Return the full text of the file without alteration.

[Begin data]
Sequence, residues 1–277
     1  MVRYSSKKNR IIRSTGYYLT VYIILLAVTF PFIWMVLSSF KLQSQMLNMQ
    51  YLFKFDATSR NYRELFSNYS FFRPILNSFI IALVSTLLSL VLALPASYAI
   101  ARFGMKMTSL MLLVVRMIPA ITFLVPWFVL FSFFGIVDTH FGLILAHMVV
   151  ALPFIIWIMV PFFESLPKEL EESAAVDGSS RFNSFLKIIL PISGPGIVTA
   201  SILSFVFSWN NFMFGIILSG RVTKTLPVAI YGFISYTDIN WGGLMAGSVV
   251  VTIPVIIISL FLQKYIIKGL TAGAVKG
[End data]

Sequence, residues 1–277
     1  MVRYSSKKNR IIRSTGYYLT VYIILLAVTF PFIWMVLSSF KLQSQMLNMQ
    51  YLFKFDATSR NYRELFSNYS FFRPILNSFI IALVSTLLSL VLALPASYAI
   101  ARFGMKMTSL MLLVVRMIPA ITFLVPWFVL FSFFGIVDTH FGLILAHMVV
   151  ALPFIIWIMV PFFESLPKEL EESAAVDGSS RFNSFLKIIL PISGPGIVTA
   201  SILSFVFSWN NFMFGIILSG RVTKTLPVAI YGFISYTDIN WGGLMAGSVV
   251  VTIPVIIISL FLQKYIIKGL TAGAVKG